C++ Compiler Review - Part 3
Written by Gordon Zeglinski
|Part 1||Part 2||Part 3|
There were a few typos in the C/C++ compiler review benchmark tables presented in the last issue. Revised tables including the results of the Watcom 10.5 benchmarks will be included in this issue. Watcom 10.5 benchmarks you ask? Yes due to the number of questions I have gotten about Watcom 10.5, in this issue, we will look at what's new in Watcom version 10.5.
What's new in Watcom C/C++ 10.5?
According to the registration card, anyone registering version 10.5 will be mailed a copy of Watcom 10.6. 10.6 will offer more Win95 support (yuck :>). Features that are different or are not found in version 10 are considered to be new.
For the OS/2 programmer, 10.5 features better warp support. The debugger and sampler (used in profiling code) run better under Warp than their 10a counterparts. Although they still have problems dealing with multi-threaded PM programs. Remote debugging of OS/2, Win NT/95 through TCP/IP is now possible. For those doing 16 bit OS/2 programming the OS/2 1.x toolkit is now included as well. This compiler can now be used to generate TCP/IP applications.
For the Windows programmer, Win95 support has been added. Also, the NT 3.5 toolkit is included. MFC 3.0 support and a new visual programmer have been added. The visual programmer is used to build MFC applications. The editor now includes source revision control hooks.
Improvements of a general nature include a new install program, native C++ exception handling, the ability to browse C code, and better compatibility with the Microsoft compiler.
Although the sampler and profiler are not new. It is new that they run under Warp. So we'll take a peek at what the sampler/profiler have to offer.
The profiler displays info about time usage in various levels of detail. The highest level displays the usage based upon compilation unit. The next level displays the time usage for functions in a particular module. Finally, the third level displays the time usage for the lines of a particular function. The lack of thread specific support severely limits the use of the profiler in any multi-threaded OS.
To allow easy comparison, the complete set of benchmark tables will be included here with Watcom 10.5 added. Note: the Watcom sieve time reported in the last issue was incorrect.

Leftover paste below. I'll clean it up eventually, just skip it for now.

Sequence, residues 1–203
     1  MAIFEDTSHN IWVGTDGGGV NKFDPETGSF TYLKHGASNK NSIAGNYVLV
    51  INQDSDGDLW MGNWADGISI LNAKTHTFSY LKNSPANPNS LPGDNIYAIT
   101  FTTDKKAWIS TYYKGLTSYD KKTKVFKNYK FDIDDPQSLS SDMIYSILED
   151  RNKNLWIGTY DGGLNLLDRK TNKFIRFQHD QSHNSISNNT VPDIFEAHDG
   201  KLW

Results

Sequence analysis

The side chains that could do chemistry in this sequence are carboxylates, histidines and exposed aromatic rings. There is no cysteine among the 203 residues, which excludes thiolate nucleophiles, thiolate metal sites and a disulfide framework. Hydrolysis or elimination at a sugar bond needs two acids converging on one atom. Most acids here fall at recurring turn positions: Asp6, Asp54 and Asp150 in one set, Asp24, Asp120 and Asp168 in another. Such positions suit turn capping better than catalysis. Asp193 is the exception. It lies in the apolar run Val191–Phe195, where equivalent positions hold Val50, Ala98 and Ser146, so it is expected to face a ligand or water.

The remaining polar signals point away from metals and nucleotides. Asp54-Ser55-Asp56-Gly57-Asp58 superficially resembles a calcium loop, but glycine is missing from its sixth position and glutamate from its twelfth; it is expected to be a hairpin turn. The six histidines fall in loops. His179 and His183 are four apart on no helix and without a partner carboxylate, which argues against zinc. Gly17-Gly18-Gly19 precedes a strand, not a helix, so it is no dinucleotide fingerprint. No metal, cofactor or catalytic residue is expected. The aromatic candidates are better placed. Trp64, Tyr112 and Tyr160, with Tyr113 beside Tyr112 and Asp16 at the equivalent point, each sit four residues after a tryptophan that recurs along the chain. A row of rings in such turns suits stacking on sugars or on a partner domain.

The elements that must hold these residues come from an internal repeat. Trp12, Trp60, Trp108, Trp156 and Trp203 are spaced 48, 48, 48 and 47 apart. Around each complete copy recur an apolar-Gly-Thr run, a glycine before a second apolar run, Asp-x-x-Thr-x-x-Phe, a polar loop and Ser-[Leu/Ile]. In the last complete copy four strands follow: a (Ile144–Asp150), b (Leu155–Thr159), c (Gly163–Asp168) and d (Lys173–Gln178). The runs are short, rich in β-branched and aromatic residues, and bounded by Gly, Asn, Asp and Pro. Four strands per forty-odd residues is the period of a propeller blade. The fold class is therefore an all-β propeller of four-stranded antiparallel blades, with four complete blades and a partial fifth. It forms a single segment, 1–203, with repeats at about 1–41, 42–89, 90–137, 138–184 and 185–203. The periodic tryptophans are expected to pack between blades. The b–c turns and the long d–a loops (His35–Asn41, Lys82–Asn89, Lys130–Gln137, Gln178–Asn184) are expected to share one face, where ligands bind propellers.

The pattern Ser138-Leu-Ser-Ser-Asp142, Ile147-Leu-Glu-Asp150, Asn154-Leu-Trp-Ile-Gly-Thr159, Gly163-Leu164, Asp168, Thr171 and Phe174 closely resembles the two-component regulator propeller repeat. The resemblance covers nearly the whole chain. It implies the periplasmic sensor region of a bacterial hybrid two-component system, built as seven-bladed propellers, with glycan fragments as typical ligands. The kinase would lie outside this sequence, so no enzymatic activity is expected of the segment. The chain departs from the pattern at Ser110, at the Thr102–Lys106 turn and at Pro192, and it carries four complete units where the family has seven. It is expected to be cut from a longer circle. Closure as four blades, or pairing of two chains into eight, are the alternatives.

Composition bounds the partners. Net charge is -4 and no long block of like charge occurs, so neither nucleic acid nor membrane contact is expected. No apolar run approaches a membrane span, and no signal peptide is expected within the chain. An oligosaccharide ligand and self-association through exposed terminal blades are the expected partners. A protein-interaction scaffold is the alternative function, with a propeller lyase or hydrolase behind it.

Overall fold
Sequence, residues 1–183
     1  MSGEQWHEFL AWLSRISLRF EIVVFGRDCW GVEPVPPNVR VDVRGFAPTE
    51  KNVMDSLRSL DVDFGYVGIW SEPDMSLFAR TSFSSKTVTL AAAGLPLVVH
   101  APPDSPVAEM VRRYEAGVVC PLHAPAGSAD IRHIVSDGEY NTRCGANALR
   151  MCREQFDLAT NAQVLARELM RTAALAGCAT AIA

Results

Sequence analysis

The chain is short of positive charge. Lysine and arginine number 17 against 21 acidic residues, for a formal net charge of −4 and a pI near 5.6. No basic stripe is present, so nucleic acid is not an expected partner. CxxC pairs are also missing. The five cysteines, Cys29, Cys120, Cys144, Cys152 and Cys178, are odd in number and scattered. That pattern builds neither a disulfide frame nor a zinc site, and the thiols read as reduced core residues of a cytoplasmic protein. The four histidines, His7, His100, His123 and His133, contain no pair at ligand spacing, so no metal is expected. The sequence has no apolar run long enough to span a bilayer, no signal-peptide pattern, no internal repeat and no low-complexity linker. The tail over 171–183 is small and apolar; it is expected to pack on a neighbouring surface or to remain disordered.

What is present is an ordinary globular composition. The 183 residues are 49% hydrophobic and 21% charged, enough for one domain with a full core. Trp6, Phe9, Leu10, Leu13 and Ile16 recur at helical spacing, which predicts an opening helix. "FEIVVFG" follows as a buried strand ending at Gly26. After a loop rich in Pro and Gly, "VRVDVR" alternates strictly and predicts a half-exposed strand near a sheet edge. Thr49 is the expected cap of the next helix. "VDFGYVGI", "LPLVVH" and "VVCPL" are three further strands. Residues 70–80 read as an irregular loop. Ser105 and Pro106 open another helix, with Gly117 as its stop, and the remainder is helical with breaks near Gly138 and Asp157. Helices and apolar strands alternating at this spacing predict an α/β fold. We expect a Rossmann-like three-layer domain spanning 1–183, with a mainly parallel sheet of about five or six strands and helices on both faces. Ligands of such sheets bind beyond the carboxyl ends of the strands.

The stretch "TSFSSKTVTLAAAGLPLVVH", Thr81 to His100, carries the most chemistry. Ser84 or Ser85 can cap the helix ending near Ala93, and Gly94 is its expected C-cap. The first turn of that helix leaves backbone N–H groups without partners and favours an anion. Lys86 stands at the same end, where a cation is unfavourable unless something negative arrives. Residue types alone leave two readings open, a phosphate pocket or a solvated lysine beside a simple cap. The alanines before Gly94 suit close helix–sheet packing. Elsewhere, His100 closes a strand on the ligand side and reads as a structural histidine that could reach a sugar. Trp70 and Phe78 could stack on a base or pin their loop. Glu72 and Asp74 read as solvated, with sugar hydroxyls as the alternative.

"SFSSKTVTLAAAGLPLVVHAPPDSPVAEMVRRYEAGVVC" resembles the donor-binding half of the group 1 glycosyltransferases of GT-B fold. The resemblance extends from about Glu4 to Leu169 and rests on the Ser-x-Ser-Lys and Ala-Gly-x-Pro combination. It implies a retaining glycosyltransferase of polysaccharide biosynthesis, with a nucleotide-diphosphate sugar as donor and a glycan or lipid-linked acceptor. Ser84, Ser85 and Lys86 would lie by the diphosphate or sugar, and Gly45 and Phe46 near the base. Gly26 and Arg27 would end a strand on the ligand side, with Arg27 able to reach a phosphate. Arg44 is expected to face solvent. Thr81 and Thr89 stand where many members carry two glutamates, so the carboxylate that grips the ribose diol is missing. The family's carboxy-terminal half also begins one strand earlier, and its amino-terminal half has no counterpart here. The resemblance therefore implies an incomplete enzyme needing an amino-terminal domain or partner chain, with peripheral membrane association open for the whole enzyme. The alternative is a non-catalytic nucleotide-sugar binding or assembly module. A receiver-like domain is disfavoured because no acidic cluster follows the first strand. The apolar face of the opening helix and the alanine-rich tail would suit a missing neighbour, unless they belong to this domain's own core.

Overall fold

The following tables show the results of the C benchmarks:
|Compiler||Rolled Linpack(S)||Rolled Linpack(D)||Unrolled Linpack(D)||Unrolled Linpack(D|
The units for the C benchmarks are as follows. Bsort and Sieve are in seconds (the smaller the number the better). Dryh21 is in Dhrystones/sec. The two whetstone tests are in KWhets/sec. All the Linpack tests are in KFlops. Except for the first two benchmarks, larger numbers are better.
Watcom 10.5 performed both better and worse than Watcom 10a in the C benchmark suit. Overall it performed somewhat worse than version 10a.
The following table show the results of the C++ benchmark.
|Compiler||Test 1||Test 2||Test 3||Test 4||Test 5|
Test 1 simply tests the construction and destruction of an object including a call to it's virtual function. Test 2 is like test 1 except a more complex object is used. Test 3 is similar to test 1 except that the object is created/destroyed from within a try/catch block. Test 4 is like test 3 except that an exception is actually thrown and caught. Test 5 assigns the complex object to another object. The same complex object that was used in test 2 is used here.
Test 3 uses 1 less function call than test 1. In theory, it should use up less time than test 1 unless the amount of time used to setup the try/catch block exceeds that of a function call. In both the Metaware and Borland test results, test 3 was faster than test 1.
In the C++ test suit, Watcom 10.5 performed better than version 10a in every test except those involving C++ exceptions. It seems the new C++ exception handling code in 10.5 performs slightly worse than the code in version 10a.
The following table shows the compilation time and executable size for the C++ benchmark program. Notice the compile time and executable size decrease comparing version 10a and 10.5.
|Compiler||Compile+Link Time (s)||EXE size (bytes)|
The unzip test compares the compilation time, executable speed, and executable size for Info unzip version 5.12. The following table shows the results of the unzip test.
|Compiler||Compile+Link (s)||'unzip -t unzip512.zip >NUL' (s)||EXE size (bytes)|
Note: although VAC++ compiled unzip faster than Watcom, this is may or may not be the case. VAC++ takes twice as long to compile the AdeptXBBS source code. Automatic function inlining had to be turned off in VAC++ because the resulting EXE falsely reported error in a good zip file. Metaware had inlining turned on.
The upgrade to Watcom 10.5 is worthwhile. Compared to version 10a, one gains remote OS/2 debugging, better performance under warp (although not perfect yet), and faster C++ compilation times. For those doing TCP/IP programs, there's finally an alternative to C Set and EMX (a freeware C/C++ compiler). The cross platform support is great.
Watcom 10.5 works well enough to be the choice for a general purpose OS/2 compiler. It's not a perfect package however, it's extremely versatile and reasonably priced. Personally, I still prefer using C Set++ 2.1 for debugging and analysing code performance. The debugger and profiler in C Set++ 2.1 work well and do so in a reasonable amount of memory.